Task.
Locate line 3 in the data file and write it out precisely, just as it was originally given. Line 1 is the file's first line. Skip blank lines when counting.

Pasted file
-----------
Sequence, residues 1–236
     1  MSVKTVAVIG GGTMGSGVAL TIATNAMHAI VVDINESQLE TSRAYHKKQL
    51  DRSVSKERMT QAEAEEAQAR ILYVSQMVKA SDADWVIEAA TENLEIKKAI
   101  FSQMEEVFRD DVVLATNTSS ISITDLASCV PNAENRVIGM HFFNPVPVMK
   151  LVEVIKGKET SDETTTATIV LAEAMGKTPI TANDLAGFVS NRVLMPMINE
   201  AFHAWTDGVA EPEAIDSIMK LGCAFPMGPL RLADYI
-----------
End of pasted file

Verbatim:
    51  DRSVSKERMT QAEAEEAQAR ILYVSQMVKA SDADWVIEAA TENLEIKKAI